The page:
(2014-12-08） Its week 2 at the climate talks being held in Lima, Peru. Ministers began arriving today and more huddles are expected to break the deadlock over climate change. The most important agenda is to determine how the world will cut emissions to stay below the 2°C increase guardrail. Scientists have determined that this is the highest increase in temperature that the world should risk. Already, 2014 is expected to be the warmest year on record; already the world is seeing extreme weather events which are devastating livelihoods and economies.
So, gathering in Peru for the 20th Conference of Parties (COP 20) negotiators know that the world is running out of time. Their job is to work out the details of the post 2020 agreement that should be ready for signature in Paris at COP21. The problem is that the world has not only run out of time, it as also run out of space. In 1992, when the global climate change convention was signed, it was agreed that the already rich countries, which had released carbon dioxide and other gases for their growth, would cut emissions and make space for the rest of the world to grow. However, it was also agreed that the developing world would get access to funds and technology so that they could grow differently so that they avoid emissions - as carbon dioxide stays in the atmosphere for hundreds of years. But this never happened. Also the rich did not reduce; countries like China grew and took up space. Now there is little to distribute to all.
Just consider these numbers. Between 1850 - the start of the industrial revolution to 2100 - the world can emit some 3000 billion tonnes of carbon dioxide to stay below 2°C (that also with a probability of 66%). By 2012 it had emitted 2000 billion tonnes so now there is little to go around. How will the past be accounted for; the future budget distributed? This is the question the big polluters want to avoid being asked.
This makes negotiations tough. The already rich want no responsibility for their historical emissions. They want no differentiation between them and the rest. A few years ago, in a major concession to the big polluters like US, the world agreed that instead of setting targets for each country to reduce based on their contribution to the problem, all countries would say how much they can cut and by when. They would 'pledge' and the world would 'review' if this reduction actually happened. These voluntary targets are called the Intended Nationally Determined Contributions (INDC) - all countries must submit these by mid-2015 in time for Paris.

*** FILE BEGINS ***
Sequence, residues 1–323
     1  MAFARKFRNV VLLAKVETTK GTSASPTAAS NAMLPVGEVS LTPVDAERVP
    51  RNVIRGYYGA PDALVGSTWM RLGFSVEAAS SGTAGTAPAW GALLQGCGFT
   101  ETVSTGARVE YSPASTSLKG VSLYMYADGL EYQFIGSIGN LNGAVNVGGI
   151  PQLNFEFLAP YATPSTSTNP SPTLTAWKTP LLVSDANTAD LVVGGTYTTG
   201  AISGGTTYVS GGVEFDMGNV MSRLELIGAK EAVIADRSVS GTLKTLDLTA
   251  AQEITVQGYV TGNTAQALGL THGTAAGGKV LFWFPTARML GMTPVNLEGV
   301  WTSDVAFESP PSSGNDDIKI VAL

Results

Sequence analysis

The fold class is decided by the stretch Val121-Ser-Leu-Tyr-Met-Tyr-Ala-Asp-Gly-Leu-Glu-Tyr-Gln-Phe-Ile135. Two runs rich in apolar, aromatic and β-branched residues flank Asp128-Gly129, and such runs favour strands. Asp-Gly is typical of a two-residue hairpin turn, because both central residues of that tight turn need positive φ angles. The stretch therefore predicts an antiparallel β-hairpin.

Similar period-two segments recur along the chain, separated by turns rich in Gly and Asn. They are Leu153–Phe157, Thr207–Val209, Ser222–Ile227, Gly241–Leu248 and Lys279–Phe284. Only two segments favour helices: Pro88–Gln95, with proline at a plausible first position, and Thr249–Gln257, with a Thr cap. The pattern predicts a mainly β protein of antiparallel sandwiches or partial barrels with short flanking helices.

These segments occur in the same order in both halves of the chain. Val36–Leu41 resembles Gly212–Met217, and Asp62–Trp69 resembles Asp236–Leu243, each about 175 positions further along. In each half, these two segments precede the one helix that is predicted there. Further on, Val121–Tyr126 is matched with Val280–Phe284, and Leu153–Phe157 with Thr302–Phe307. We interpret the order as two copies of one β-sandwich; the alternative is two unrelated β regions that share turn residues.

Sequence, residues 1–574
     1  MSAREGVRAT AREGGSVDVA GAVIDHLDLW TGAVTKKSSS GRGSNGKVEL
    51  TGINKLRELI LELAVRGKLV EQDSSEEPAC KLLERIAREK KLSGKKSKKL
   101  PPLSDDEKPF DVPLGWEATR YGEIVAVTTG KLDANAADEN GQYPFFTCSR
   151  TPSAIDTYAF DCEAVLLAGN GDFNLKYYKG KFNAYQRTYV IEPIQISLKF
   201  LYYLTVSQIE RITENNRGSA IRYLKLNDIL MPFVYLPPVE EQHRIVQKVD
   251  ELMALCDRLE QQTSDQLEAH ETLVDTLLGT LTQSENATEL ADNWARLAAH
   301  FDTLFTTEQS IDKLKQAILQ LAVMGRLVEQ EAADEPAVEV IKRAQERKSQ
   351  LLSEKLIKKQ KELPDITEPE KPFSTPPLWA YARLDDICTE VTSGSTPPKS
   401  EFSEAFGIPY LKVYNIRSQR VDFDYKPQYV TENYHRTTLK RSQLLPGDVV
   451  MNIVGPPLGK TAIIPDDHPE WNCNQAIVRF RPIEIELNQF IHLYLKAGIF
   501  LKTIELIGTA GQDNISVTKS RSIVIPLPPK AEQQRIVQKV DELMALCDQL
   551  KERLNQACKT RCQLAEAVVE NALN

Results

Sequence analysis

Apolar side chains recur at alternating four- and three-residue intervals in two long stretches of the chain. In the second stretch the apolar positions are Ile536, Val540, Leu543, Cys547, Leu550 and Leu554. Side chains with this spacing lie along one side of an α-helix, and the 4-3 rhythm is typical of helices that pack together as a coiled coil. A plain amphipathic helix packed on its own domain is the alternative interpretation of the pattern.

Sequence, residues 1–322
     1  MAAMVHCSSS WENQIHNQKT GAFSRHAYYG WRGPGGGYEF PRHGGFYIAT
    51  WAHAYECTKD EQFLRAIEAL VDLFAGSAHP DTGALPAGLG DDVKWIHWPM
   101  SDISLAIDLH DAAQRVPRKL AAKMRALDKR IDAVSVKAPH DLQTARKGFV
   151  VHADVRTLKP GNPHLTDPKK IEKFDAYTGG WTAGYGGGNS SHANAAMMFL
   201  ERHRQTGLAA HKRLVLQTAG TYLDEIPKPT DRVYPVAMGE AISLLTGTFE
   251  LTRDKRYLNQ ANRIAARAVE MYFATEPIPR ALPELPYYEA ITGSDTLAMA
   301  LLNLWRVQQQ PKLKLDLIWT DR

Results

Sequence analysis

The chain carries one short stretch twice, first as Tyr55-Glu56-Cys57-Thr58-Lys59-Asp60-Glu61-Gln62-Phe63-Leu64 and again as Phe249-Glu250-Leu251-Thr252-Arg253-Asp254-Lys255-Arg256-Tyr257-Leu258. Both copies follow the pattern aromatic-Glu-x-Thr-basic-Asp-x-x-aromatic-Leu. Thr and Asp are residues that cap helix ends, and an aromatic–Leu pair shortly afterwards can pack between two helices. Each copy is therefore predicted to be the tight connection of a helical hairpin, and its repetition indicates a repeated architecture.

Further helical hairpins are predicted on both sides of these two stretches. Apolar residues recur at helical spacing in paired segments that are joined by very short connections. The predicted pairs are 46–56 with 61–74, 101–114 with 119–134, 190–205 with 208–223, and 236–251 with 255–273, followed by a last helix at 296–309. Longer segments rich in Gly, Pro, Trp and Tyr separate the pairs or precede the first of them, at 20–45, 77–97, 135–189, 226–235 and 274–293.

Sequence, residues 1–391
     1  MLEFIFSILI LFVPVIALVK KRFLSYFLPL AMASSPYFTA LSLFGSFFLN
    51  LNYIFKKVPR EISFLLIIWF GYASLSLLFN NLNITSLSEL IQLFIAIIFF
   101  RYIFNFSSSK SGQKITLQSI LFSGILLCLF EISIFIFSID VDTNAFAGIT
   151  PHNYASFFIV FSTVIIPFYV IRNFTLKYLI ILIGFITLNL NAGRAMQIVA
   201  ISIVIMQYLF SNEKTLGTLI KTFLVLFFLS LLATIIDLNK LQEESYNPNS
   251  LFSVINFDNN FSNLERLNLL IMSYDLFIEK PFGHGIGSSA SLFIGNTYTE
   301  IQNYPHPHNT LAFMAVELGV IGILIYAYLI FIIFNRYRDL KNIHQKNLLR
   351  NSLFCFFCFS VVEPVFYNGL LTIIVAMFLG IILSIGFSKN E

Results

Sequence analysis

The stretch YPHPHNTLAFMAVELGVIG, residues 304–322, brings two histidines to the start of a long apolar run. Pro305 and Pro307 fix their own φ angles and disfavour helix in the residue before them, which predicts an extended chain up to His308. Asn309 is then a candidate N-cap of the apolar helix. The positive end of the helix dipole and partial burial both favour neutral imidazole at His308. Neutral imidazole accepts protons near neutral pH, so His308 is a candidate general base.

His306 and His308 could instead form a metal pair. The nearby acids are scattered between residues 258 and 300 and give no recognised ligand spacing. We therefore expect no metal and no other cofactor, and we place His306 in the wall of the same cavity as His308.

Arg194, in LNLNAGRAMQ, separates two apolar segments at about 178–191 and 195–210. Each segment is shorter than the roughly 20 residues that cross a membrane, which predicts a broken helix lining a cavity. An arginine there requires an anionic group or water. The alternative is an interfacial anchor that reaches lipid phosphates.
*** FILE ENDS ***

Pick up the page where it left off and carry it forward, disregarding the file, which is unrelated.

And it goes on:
But now the real number game begins to appropriate space. If the commitments set out in the US-China deal are accepted as the INDC of these countries, it would mean that the world's remaining carbon budget is spent by 2030. By 2030, as much as some 900 billion tonnes of carbon dioxide will be emitted; China will take up 30 per cent; US 10% and EU 6.5% of this remaining budget. In this case, nothing is left for the rest of the developing world, who would need economic and ecological space to grow.
Peru will see tough negotiations. The question is if the country's INDC should be based on differentiation - how much they should cut based on equity? What will happen if the sum of the INDCs - all countries intended targets - do not add up to keeping the world below 2°C? Will the world decide on a formula for equitable burden sharing then? Will the new post 2020 climate agreement accept that developing countries need finance and technology to meet their mitigation targets? Will developing countries, already impacted by extreme and variable weather events and intensification of cyclones be given funds for adaptation; will it be accepted that loss and damage - caused to economies and livelihoods because of these changes - be computed and compensated? Hot days ahead.